Beginning with a presentation from the champion of Compassionate Communities, Mayor Greg Fischer of Louisville, Kentucky will open the conversation about his experience and vision as mayor of Louisville. He will be joined by three mayors in a conversation about what it will take to make our communities/cities cultures of compassion. The Mayors will engage the participants in Q and A around what is needed to create a spirit of social connection and the consciousness of compassion where we live.
Panel: Mayor Greg Fischer, Louisville, Kentucky, Mary Karen Freeman-Williams, Gary, Indiana, Mayor Ralph Becker, Salt Lake City, Utah, Mayor David Formosa, Powell River, British Columbia, Canada. Moderator: Tom Williams, Louisville, Kentucky
5:15 pm-6:30, Utah Museum of Modern Art (next door to the Salt Palace)
Compassion Cities Reception
Reception for Mayor and Public Officials sponsored by the Mayor of Salt Lake. Reception is for mayors, police chiefs, civic officials and Compassionate City organizers and representatives.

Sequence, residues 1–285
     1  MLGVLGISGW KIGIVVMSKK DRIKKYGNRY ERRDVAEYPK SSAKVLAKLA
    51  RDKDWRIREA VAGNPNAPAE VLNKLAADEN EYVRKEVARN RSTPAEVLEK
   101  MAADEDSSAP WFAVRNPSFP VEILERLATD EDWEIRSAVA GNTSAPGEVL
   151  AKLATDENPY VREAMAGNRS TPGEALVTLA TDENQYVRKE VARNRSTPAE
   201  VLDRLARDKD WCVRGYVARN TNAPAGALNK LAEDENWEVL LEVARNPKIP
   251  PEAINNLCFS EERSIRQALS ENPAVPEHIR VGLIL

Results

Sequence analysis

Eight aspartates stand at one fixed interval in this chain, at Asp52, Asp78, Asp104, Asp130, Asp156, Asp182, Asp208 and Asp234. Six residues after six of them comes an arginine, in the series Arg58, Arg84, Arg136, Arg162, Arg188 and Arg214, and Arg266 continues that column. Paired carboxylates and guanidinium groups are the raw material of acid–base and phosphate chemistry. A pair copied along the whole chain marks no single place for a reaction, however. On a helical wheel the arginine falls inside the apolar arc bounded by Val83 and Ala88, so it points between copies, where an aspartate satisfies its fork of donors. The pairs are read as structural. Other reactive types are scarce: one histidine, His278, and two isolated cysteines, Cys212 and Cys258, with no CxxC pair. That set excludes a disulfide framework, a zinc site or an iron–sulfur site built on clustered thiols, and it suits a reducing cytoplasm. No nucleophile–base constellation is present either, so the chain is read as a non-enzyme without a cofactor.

SATURDAY, OCTOBER 17th
10-11:30 pm, Exhibit Hall 3
Kill them (Qu’ran), Do Not Spare Them (Torah), and Cast Them Into Everlasting Fire (New Testament): Context of Difficult Religious Texts (Karen Armstrong,
While public opinion polls put the established religions among the most respected institutions in the society, there is a persistent notion that religion is a force which divides people instead of them together. For this reason, the interfaith movement has taken the Hans Kung quote as a mantra, “No Peace Among Nations until Peace Among the Religions.” Some of the criticism of religion is driven by the abuse of the sacred texts by extremists. It is therefore of high importance that interfaith movements understand the actual context of the difficult passages in the scriptures and how they are understood by different groups; only then can they be truly effective in developing harmony between faith communities.